The image of the woman whose music oth­ers could hear only if they both­ered to open the door to the room where she was singing held me cap­tive. On some lev­el, I felt, she was me, I was her. Aiken’s poem gave me the expe­ri­ence of being known, being seen, being, in oth­er words, rec­og­nized in a way that allowed me to rec­og­nize myself, and I under­stood some­thing I had not under­stood before: that I expe­ri­enced myself as voice­less, not because I had noth­ing to say, but because I didn’t think any­one would lis­ten to me, or even that any­one who tried to lis­ten would ever real­ly hear me.

Now, of course, I under­stand this feel­ing of voicelessness–however much it may also have been a com­mon expe­ri­ence of adolescence–to have been deeply root­ed in the fact that I’d been sex­u­al­ly abused, that, no mat­ter what else I might be try­ing to say, there were things to which I sim­ply could not give voice because I did not yet have words for them. They were, at the time, for me, lit­er­al­ly unspeak­able. All I knew while I sat there read­ing Aiken’s poem, was that I had some­thing to say, or at least that I want­ed to have some­thing to say, the way the woman in his lines had some­thing to sing–and, most of all, I was deter­mined to be heard. I didn’t know quite how, and didn’t know by whom, but Aiken’s lines named this desire for me, and I want­ed to learn how, with­out even know­ing me, he had done that. That’s when I start­ed writ­ing poet­ry, and, years lat­er, when fem­i­nism helped me name my abuse as abuse, this sec­ond act of nam­ing did not mere­ly dove­tail with my emerg­ing iden­ti­ty as a poet. It gave that iden­ti­ty a form and sub­stance I con­tin­ue to explore to this day.

For my cre­ative writ­ing stu­dents, the main point of this rev­e­la­tion, I hope, is that they need to find what gives their desire to write form and sub­stance, what mat­ters to them enough that the time and ener­gy they devote to nam­ing it will have been worth it. For my Women’s Stud­ies stu­dents, besides demon­strat­ing on a per­son­al lev­el that my inter­est in the con­tent of their course is not mere­ly aca­d­e­m­ic, and cer­tain­ly not pruri­ent, and in addi­tion to what­ev­er lessons about the explana­to­ry pow­er of fem­i­nism it might teach, I hope reveal­ing that I am a sur­vivor makes the fem­i­nist adage “the per­son­al is polit­cal” come alive for them in a way that broad­ens the impact of the work we are going to do togth­er.

I don’t have these dis­cus­sions with my stu­dents unless one of them asks a direct ques­tion to which reveal­ing that I am a sur­vivor is the only hon­est way to answer. I tell them that I’m going to reveal some­thing very per­son­al, which for some of them will like­ly fall into the cat­e­go­ry of “too much infor­ma­tion,” but that it is the only hon­est answer I have to give them.1 I tell them I think they deserve that honesty–that, in fact, they should insist on it when­ev­er and wher­ev­er pos­si­ble, espe­cial­ly from any­one who pre­sumes to have some­thing to teach them, or who sets them­selves up as a role mod­el, or as a leader. Not only do I think stu­dents can learn from that kind of hon­esty lessons that will impact their lives far more pro­found­ly than any­thing that comes from a text­book or class syl­labus, but I think teach­ers, when we are will­ing to give those kinds of answers, learn lessons of our own that are just as pro­found. That has cer­tain­ly been the case for me.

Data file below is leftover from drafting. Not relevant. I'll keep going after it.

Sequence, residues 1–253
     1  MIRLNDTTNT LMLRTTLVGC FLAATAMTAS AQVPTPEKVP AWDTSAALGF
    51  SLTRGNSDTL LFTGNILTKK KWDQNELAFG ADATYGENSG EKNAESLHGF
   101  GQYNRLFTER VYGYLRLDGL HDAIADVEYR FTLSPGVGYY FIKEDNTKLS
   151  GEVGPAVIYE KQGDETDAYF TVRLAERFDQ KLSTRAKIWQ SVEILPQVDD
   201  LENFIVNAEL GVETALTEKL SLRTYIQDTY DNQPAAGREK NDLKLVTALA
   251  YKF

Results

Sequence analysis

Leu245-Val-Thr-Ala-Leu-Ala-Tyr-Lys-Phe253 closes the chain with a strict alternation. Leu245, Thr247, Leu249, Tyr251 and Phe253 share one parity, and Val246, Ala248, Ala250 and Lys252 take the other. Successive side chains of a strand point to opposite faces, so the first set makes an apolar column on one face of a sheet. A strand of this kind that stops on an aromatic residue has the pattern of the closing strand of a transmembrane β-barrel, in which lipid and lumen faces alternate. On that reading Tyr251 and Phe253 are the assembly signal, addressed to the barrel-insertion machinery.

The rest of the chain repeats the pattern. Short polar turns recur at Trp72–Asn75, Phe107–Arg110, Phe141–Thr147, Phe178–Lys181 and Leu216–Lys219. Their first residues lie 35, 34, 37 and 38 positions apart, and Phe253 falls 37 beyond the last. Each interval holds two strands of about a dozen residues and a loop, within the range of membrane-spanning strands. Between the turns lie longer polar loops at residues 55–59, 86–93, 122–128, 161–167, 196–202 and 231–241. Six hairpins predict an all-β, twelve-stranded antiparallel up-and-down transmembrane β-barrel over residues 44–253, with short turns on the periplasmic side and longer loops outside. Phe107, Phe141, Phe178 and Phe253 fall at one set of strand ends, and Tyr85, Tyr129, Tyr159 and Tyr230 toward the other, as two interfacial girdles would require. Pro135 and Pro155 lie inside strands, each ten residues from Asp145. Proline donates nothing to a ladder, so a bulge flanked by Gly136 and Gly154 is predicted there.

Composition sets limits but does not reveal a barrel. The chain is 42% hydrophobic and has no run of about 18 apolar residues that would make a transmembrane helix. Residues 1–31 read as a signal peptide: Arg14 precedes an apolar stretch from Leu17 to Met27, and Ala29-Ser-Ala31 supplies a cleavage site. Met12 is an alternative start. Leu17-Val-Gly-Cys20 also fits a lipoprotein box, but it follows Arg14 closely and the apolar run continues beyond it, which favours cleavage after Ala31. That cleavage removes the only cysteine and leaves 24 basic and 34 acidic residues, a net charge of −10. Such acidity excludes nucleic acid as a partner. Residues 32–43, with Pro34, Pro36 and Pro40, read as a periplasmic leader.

1. Some of you may be won­der­ing about whether, in the spir­it of trig­ger warn­ings, I offer stu­dents the oppor­tu­ni­ty to leave the class if they need to, or some such thing. On the one occa­sion when my stu­dents want­ed to dis­cuss in class a piece of my writ­ing that deals quite explic­it with my own abuse, I did. I told stu­dents they did not need to come to class that day if they felt they could­n’t, and I told stu­dents who did come that if they felt like they need­ed to walk out dur­ing the dis­cus­sion, they should feel free to do so. How­ev­er, when it’s sim­ply a mat­ter of my reveal­ing that I am a survivor—when the dis­cus­sion, in oth­er words, does not get graph­ic, and I am sim­ply stat­ing a fact about myself—I have not done the same thing. I sim­ply warn them, as I described above. If the sub­se­quent con­ver­sa­tion were to devel­op beyond that, I would stop it and offer peo­ple the chance to leave if they felt the need to. []